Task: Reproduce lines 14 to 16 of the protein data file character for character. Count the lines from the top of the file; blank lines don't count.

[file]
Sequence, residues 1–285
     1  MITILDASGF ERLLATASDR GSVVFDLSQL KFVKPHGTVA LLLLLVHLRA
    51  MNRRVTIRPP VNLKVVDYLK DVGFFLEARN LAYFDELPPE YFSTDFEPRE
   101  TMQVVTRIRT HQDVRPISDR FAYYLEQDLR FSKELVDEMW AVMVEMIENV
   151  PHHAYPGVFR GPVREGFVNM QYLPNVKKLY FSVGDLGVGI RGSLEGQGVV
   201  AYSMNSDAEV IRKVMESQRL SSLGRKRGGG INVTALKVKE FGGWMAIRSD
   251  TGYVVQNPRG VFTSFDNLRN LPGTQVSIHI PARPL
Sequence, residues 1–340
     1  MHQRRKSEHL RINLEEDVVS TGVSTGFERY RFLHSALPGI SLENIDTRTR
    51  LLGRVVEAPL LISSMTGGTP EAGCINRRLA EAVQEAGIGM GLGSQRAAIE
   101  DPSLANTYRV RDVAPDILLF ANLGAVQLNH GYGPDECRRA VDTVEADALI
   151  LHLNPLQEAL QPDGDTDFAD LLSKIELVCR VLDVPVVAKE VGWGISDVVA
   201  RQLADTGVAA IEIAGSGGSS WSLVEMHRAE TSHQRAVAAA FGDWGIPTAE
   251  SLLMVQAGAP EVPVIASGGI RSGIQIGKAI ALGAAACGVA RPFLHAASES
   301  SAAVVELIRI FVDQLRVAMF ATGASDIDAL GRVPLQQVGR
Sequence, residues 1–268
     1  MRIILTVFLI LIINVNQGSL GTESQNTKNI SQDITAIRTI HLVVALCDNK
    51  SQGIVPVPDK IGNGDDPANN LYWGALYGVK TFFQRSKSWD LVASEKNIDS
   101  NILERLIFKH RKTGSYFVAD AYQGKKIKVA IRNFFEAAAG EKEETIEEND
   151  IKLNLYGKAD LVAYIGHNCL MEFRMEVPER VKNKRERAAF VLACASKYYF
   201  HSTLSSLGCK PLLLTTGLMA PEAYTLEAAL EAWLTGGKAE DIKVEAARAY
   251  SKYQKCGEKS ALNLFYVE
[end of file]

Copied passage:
   251  SLLMVQAGAP EVPVIASGGI RSGIQIGKAI ALGAAACGVA RPFLHAASES
   301  SAAVVELIRI FVDQLRVAMF ATGASDIDAL GRVPLQQVGR
Sequence, residues 1–268